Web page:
To Find: Percentage loss of stress in steel due to elastic deformation.

Loss of prestress,p = 6 x 4.444 = 26.667 N/mm2

## Section 7: Important Notes, Question of Advanced Concrete Design

a. A corbel attached to a 250 mm x 250 mm RCC column, carries a factored load of 400 kN at a distance of 170 mm from the face of column. Design the corbel using M25 concrete.

Ans. Given: Factored load, Pu = 400 kN, Distance, av = 170 mm, Size of column = 250 mm x 250 mm and M25 concrete

To Find: Design of corbel.

1. Dimension of Base Plate :

i. Length of base plate = Width of column = 250 mm

ii. Bearing strength = 0.8 fck = 0.8 x 25 = 20 N/mm2

iv. The width of the plate also depends on geometric requirements keeping 50 mm projection on both sides. The width shall be

B = 100 + 50 + 50 = 200 mm

Provide 200 mm wide base plate with 50 mm edge cover.

vi. Use 16 mm thick base plate.

2. Depth (d) at Root of Carbel :

i. Maximum shear strength of concrete,

ii. Depth (d) at root of carbel is given by,

d = 593.55 ≃ 600 mm

iv. Let D = 650 mm, d = 650 – 30 – 10 = 610 mm

3. Depth (d1) Under Outer Face of Bearing Plate :

ii. Provide 350 mm depth at edge.

iii. Depth under outer face of base plate

d1 = 385- 30 10 = 345 mm

4. Primary Tension Reinforcement :

i. Horizontal force, Hu = 0.2 Pu = 0.2 x 400 = 80 kN

ii. Reinforcement for tension,

iii. Reinforcement for shear friction,

v. Equivalent moment on the section,

vii. Reinforcement for moment,

viii. Primary tension reinforcement is greater of

and AT + AM = 221.57 + 335.72 = 557.3 mm2

Hence  Ast = 749.13 mm²

Provide 4- 16 ɸ same (Ast = 804.243 mm²)

Use 2-16 ɸ side and bottom bars to carry links.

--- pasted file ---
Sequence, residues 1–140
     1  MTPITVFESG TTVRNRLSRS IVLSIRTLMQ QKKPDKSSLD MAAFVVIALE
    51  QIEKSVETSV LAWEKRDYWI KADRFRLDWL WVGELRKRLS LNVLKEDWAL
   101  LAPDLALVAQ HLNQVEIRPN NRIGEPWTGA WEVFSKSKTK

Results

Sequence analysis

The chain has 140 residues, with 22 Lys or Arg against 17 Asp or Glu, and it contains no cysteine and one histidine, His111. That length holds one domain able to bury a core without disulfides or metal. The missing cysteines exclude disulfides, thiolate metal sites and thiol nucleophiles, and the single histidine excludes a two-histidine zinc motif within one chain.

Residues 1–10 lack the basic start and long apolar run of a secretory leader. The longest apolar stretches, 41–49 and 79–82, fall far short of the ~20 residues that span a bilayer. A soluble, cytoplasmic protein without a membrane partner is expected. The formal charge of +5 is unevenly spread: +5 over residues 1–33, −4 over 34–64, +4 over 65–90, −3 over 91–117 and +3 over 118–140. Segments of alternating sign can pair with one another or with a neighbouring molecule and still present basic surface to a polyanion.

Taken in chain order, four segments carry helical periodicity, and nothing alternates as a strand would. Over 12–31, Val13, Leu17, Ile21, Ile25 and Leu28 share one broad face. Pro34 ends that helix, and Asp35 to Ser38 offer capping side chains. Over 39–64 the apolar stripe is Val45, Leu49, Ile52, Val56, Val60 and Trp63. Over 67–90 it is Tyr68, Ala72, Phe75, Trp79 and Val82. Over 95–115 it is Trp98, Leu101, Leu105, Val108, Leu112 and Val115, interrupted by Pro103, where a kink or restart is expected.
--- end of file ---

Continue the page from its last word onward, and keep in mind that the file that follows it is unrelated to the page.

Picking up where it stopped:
5. Shear Reinforcement :

a. Area of reinforcement, As = 0.5 Ast = 0.5 x 750 = 375 mm2

b. Use 8 mm ɸ 2 legged closed links, Asv = 100 mm²

c. Number of links = 375 / 100 = 3.75

Provide 4 closed links at 80 mm centres as shown in Fig. 6.

ii. Vertical Stirrups :

Use 8 mm ɸ 2 legged stirrups

b. Shear stress, τc = 0.51 N/mm²

= 136.7 mm

Provide 8 mm ɸ 2-legged @ 130 mm c/c

b. Design a deep beam 300 mm wide and 4 m deep, simply supported over a span of 6 m. The beam carries a live load of 160 kN/m at the service state and is supported on walls of 600 mm thick on each end. Use M20 concrete and Fe415 steel having permissible tensile stress of 230 N/mm2.

Ans. Given: Width of beam, b = 300 mm, Depth of beam = 4000 mm Span of beam, l = 6 m, Service live load, wL = 160 kN/m, width of supporting wall = 600 mm, M20, Fe415.

To Find: Design a simply supported deep beam.

1. Effective Span :

i. Centre-to-centre distance between supports = 6000 + 600 = 6600 mm

Hence it is deep beam.

iii. Effective span, l = 1.15 lc or c/c distance between supports, whichever is smaller.

l = 1.15 x 6000 = 6900 mm or 6600 mm

Effective span, l = 6600 mm

2. Positive Moment Reinforcement :

ii. Factored moment, Mu = 1.5 x 871.2 = 1306.8 kN-m

= 0.2(6600 + 2 x 4000) = 2920 mm

iv. Area of reinforcement,

= 1239.5 = 1240 mm2

Provide 4 – 20 ɸ bars, (Ast = 1256 mm²)

v. The anchorage L0 beyond the centre of the supports is given by,

L0 = 0.8 Ld = 0.8 x 47.3 ɸ = 0.8 x 47.3 ɸ = 37.84 ɸ

= 37.84 x 20 = 756.8 mm

Provide 800 mm anchorage for 20 ɸ bars as indicated in Fig. 7.

Anchorage for upper layer is also satisfied.

vi. The positive reinforcement shall be placed within a zone

= 0.25 D – 0.05 l = 0.25 x 4000-0.05 x 6600 = 670 mm

Provide 2-20 ɸ in first layer at 50 mm and 2 -20 ɸ at 670 mm from tension face.

3. Side Face Reinforcement :

Since b > 200 mm provide side face reinforcement on both faces.

i. Vertical Reinforcement :

Provide 10 mm ɸ @300 c/c, both faces, As = 2 x 261.8 = 523.6 mm2

ii. Horizontal Reinforcement :

Provide 10 mm ɸ @ 250 mm c/c, both faces, As = 2 x 314.6 = 628 mm2

ii. At extreme compression side use 2-10 ɸ bars.

4. Reinforcement Details: The beam elevation and section are shown in Fig. 7.